A young(ish) opera singer's random thoughts and observations.

Friday, 10 March 2017

A (rare) day in the life of a cover

Covering has to be one of the most difficult things we can be asked to do. It's an important part of any young singer's initiation though, because what it boils down to is condensed craft and nerves of steel.

On the surface, when accepting a cover as part of a contract, you think it's all going to be great. You'll learn it, rehearse it, do a cover run, and then probably not go on. Easy. I've covered before, and gone on too, and I've even written about it, and it's not that simple even if you do get the luxury of rehearsals and a cover run on set. You'll have to deal with not having done it for 2 months for instance.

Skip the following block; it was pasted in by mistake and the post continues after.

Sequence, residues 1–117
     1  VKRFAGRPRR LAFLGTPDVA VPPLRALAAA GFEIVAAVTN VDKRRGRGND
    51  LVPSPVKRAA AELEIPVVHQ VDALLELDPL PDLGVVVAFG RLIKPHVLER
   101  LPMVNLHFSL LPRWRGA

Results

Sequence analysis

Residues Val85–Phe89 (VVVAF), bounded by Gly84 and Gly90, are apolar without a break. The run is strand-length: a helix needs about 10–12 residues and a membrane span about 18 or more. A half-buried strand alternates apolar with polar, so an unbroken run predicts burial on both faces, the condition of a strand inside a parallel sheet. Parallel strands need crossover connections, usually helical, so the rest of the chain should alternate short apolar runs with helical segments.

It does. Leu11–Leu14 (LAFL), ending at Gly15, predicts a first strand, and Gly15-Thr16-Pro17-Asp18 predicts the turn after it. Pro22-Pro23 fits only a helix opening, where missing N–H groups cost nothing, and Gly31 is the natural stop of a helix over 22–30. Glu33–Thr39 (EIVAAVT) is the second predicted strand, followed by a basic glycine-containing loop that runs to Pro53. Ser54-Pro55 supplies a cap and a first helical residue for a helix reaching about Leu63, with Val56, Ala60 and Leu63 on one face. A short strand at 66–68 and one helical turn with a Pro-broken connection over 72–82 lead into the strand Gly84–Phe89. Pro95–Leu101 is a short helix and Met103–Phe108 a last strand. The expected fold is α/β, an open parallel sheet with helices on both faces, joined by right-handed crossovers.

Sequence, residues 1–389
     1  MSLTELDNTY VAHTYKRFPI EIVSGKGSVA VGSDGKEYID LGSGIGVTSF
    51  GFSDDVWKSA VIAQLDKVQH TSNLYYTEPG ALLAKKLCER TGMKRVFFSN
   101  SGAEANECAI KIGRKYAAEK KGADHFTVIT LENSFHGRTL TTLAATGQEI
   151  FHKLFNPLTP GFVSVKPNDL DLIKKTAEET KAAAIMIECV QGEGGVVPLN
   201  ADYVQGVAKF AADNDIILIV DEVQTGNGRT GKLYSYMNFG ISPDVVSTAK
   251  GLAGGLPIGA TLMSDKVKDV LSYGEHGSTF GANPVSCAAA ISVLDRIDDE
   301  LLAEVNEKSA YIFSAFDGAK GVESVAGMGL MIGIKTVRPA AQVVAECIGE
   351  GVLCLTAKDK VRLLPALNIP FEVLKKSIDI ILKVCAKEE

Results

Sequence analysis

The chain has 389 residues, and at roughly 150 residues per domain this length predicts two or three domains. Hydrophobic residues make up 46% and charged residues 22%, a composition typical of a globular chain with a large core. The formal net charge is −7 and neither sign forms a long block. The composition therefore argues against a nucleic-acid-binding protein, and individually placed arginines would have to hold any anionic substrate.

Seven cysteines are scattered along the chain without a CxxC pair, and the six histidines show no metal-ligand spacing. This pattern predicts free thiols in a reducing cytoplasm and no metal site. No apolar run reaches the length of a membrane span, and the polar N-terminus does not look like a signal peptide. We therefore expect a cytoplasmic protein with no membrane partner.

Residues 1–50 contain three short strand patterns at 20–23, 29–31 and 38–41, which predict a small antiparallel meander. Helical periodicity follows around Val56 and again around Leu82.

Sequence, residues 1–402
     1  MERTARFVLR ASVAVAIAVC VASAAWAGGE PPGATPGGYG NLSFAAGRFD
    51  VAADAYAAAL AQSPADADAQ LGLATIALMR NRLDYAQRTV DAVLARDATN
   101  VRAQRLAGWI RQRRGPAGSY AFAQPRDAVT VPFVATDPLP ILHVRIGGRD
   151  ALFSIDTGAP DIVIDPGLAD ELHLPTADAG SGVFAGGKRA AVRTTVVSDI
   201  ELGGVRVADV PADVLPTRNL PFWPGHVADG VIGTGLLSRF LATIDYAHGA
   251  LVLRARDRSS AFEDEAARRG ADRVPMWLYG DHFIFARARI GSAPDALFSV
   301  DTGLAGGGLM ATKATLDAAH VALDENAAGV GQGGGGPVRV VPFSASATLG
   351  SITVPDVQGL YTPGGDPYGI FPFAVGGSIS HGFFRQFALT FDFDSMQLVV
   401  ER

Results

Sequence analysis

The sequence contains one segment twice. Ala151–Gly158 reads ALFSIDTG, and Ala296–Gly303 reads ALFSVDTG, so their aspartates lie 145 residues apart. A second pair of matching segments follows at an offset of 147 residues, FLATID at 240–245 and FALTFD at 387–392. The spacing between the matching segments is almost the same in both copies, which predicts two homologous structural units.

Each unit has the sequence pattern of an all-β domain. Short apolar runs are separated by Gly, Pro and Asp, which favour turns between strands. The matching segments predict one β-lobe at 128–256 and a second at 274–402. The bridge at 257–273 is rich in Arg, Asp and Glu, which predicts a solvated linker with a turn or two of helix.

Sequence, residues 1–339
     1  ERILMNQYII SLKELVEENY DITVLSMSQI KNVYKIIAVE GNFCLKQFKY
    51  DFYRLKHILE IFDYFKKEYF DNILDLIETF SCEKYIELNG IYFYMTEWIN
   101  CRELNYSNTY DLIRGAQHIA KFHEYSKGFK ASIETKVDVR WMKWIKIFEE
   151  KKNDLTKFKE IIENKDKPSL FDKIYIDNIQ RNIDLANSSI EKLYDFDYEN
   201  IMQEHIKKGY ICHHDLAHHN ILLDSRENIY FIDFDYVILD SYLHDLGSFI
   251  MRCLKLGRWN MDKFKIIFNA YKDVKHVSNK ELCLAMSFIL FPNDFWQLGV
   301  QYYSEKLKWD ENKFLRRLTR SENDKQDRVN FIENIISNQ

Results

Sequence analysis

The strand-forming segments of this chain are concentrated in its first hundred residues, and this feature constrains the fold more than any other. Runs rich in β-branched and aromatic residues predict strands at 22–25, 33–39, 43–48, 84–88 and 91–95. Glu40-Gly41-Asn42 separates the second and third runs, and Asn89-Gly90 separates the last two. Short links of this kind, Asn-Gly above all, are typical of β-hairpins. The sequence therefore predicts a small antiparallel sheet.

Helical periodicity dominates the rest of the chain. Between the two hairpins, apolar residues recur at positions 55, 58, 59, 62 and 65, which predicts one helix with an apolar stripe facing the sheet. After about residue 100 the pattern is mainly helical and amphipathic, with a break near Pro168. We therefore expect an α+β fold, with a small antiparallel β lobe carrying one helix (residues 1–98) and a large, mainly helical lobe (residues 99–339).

This was very much not the case yesterday, though. Yesterday, I went on in a show, having had no rehearsals on my cover (I'm singing chorus in said show, and a role in the other main stage production, as well as doing an education opera - the schedule can only accommodate so much), and to make matters scarier still, I was (and still am) ill. Not as ill as the principal, but still ill. When you think of covering, you think 'if they're ill, I'll go on'. You sort of assume you'll obviously be in the form of your life and it'll be wonderful. But actually, if you're in the show anyway, a company bug may grip you both, and it's just a question of who is at what stage of the illness. As a matter of fact, on this occasion, 3 days earlier my own cover was on standby. Never assume anything.